As vehicle infotainment systems by tech giants such as Apple and Google become widespread, automobile manufacturers have said that they intend to limit the car and driver information these systems are able to access.
The two tech companies have indeed provided a variety of services through smartphones, and connecting phones to car systems via Apple's CarPlay and Google's Android Auto certainly extends their reach. However, car companies will not allow them to go further due to the threats that the likes of Apple and Google pose to them.
Some auto companies have specifically said they will not provide infotainment systems with data from the vehicle's functional systems such as steering, brakes and throttle, as well as information about the distance range a car can travel before it runs out of gas.
"We need to control access to that data [in order] to protect our ability to create value," Ford Motor Co's executive director of connected vehicle and services Don Butler said.
"The risk is, if you give up control and somebody else figures out that business model, then you lose the future revenue stream," adds AlixPartners' automotive practice vice president Friedmar Rumpel.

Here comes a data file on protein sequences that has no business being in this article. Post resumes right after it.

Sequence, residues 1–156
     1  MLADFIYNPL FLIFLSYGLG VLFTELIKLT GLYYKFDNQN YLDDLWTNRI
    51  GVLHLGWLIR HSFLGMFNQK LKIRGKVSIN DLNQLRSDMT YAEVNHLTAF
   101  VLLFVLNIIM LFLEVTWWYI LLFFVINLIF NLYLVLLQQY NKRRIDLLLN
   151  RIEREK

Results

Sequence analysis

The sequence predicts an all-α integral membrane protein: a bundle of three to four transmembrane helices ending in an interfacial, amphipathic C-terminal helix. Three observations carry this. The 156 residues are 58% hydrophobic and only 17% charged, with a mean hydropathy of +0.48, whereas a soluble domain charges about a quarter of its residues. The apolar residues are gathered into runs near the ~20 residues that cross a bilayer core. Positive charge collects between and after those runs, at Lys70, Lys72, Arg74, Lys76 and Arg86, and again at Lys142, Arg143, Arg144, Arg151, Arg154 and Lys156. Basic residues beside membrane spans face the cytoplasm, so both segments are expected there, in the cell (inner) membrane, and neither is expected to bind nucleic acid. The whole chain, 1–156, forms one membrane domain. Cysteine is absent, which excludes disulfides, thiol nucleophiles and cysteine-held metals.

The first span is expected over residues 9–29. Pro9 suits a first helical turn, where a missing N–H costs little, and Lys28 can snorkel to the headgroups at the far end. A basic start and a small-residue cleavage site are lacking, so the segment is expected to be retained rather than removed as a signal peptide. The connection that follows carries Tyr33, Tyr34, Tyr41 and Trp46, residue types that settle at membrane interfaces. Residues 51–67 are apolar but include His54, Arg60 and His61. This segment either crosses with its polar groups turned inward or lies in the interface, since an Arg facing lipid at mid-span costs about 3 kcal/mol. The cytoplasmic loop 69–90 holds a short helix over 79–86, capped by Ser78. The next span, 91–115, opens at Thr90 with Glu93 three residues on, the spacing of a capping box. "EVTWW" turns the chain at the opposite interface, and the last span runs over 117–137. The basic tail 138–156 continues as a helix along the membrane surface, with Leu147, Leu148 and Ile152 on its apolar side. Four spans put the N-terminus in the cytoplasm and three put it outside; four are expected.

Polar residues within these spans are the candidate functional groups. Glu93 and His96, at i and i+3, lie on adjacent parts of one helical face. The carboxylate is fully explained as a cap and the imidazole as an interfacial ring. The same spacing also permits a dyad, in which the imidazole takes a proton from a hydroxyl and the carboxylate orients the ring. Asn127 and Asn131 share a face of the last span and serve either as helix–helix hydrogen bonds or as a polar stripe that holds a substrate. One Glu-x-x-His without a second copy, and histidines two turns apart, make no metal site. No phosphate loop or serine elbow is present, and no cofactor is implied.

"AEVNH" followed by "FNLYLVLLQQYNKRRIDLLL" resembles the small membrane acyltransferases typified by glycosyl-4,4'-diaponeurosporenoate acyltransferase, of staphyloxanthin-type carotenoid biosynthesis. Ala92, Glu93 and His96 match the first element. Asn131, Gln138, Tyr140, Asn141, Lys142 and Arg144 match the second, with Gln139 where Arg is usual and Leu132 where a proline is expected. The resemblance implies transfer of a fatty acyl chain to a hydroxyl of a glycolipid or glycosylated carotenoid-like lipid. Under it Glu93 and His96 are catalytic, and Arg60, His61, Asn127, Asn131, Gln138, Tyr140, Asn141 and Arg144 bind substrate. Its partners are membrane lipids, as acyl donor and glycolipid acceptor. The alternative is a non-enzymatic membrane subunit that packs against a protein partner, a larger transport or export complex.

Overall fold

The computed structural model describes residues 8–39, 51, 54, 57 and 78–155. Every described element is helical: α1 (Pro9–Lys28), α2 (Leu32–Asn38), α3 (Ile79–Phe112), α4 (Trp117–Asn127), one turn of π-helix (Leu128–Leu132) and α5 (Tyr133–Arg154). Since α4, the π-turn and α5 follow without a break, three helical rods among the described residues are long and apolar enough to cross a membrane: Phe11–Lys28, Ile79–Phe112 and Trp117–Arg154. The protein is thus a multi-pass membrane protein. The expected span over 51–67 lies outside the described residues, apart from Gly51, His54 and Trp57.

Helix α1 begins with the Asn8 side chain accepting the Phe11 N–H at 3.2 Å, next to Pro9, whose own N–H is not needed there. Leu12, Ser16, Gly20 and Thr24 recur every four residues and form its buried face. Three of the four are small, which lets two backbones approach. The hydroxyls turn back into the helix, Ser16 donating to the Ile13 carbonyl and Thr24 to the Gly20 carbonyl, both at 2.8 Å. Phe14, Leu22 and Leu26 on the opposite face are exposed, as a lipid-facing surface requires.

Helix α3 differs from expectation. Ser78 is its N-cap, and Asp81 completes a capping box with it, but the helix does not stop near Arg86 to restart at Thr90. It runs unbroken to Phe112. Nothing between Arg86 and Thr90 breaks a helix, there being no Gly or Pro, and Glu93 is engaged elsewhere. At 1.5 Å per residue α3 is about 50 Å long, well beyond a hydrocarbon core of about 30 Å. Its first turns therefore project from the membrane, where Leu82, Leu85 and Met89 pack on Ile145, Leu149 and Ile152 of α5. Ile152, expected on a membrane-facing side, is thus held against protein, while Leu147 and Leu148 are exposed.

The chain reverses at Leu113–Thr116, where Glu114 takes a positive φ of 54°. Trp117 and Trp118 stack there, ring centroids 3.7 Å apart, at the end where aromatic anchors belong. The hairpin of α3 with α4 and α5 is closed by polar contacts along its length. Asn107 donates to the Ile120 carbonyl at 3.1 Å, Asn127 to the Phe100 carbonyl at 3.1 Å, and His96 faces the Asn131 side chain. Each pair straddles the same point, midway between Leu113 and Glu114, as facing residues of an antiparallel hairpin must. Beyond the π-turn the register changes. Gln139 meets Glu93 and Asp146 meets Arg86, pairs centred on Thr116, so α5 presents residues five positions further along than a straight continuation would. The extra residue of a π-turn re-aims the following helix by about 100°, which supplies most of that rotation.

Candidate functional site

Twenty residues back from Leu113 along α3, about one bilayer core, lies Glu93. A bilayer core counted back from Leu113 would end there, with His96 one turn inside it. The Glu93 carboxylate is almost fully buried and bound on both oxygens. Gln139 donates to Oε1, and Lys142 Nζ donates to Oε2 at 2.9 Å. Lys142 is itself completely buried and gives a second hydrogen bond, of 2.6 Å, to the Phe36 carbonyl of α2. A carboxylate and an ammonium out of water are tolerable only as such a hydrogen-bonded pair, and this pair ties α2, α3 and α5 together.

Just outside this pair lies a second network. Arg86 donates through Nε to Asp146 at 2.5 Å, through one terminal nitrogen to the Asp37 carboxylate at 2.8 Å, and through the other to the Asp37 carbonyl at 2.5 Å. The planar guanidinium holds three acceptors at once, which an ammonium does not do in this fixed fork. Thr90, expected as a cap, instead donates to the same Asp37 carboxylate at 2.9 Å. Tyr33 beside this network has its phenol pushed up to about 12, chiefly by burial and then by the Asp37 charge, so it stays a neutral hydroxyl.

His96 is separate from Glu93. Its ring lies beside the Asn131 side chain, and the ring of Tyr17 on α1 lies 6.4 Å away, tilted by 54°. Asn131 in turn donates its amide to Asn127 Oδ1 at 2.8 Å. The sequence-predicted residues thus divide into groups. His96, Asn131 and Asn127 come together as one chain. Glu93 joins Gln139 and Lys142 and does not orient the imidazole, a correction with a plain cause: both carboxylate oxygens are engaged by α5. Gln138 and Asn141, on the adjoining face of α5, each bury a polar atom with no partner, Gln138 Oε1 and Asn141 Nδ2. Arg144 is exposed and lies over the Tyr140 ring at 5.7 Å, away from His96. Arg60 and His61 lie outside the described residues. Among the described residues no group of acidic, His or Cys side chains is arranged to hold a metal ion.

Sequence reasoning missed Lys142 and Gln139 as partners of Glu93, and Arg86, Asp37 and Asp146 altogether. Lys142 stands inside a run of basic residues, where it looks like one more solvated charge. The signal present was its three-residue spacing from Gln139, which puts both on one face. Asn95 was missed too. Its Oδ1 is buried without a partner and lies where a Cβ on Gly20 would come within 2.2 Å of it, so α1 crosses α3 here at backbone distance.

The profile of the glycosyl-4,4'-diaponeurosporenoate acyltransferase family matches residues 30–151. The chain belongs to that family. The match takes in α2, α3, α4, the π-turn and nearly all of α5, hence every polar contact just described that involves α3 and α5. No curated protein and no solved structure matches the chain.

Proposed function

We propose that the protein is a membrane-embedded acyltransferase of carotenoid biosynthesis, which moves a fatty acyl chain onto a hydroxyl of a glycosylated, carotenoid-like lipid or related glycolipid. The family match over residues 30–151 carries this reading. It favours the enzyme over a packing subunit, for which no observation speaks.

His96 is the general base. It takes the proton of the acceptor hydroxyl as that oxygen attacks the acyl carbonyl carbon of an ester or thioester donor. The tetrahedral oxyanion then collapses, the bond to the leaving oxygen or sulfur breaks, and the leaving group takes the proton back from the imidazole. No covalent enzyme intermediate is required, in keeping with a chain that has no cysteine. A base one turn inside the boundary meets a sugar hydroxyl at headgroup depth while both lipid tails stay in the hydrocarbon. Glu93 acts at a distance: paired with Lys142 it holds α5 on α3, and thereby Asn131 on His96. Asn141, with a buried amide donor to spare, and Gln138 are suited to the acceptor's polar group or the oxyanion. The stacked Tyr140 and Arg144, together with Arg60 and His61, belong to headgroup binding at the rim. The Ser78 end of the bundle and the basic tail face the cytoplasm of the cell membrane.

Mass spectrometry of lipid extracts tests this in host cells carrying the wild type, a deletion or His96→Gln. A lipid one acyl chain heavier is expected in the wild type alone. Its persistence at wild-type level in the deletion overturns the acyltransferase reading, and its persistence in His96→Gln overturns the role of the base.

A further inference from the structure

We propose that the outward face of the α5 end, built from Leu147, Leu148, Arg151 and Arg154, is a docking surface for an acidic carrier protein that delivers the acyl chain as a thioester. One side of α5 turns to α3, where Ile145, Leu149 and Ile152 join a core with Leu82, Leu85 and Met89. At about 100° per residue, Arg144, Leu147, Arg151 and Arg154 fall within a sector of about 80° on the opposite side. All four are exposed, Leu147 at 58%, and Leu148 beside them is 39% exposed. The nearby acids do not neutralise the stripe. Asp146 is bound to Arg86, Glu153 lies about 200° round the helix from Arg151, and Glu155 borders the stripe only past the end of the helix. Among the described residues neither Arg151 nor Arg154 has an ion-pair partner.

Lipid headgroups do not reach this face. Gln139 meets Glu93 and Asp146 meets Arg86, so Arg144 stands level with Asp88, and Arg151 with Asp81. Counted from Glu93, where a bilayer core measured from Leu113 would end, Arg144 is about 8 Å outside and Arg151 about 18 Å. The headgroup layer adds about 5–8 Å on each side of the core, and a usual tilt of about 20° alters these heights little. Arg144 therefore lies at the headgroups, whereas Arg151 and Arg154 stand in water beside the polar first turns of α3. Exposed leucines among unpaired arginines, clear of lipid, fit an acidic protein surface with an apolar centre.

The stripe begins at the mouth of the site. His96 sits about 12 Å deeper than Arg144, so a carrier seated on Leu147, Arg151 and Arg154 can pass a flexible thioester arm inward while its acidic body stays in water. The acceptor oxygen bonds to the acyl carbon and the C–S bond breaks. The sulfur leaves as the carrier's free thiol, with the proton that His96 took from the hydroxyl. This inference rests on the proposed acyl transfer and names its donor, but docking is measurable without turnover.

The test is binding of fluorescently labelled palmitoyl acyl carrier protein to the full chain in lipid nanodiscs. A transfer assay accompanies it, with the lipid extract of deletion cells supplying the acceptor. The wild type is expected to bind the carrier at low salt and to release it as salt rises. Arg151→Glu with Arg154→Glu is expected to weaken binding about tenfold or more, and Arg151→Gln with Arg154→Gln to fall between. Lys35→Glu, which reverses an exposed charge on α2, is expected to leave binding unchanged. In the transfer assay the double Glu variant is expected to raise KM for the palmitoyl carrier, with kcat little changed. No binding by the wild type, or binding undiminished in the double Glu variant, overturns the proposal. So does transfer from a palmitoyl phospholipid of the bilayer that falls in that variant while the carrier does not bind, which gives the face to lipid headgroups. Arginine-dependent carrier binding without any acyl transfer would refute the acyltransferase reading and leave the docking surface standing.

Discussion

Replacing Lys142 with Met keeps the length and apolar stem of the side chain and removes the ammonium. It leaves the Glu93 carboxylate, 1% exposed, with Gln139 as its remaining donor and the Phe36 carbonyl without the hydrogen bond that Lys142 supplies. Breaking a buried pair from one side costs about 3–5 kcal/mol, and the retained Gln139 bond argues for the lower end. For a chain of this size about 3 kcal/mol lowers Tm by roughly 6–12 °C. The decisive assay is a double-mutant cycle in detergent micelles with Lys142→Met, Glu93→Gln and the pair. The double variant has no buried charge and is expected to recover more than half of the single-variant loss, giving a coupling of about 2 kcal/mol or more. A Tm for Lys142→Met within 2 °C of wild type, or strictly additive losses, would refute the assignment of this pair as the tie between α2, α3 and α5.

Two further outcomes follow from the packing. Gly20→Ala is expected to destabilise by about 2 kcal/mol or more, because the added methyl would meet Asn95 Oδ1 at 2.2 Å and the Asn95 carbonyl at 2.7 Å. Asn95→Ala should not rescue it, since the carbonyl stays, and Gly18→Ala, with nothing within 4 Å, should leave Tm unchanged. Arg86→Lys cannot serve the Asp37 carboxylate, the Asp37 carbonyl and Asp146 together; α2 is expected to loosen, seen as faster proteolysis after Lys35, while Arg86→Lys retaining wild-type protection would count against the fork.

AlixPartners estimates global revenues from digitally connected cars will grow in value to $40 billion (£25 billion) a year worldwide by 2018, from $16 billion (£10.3 billion) in 2013, and auto companies would like to tap on this opportunity.
General Motors Co told investors earlier this year that it expects to realise an additional $350 million (£225 million) in revenue over three years from the high-speed data connections it is building into its cars.
While many automakers have signed up to use the infotainment systems, some car companies also have designed their own systems - such as Volkswagen AG's Audi subsidiary, which intends to develop and license its own brand-specific apps.
"This enables a business model that completely belongs to the carmaker,"Audi's senior systems architect for connected vehicle technologies Mathias Halliger said.
Nonetheless, policies on data access and sharing among car companies still differ.
As for Apple and Google, they defend that their systems are only intended to give an enhanced driving experience.
"All of the data is anonymised, not connected with other Apple services, and is not stored by Apple, so no one can build a profile about the driver or their travels," Apple said in a statement.
Meanwhile, Google's system asks the driver is whether he or she agrees to share user-generated data with Google and third-party app providers.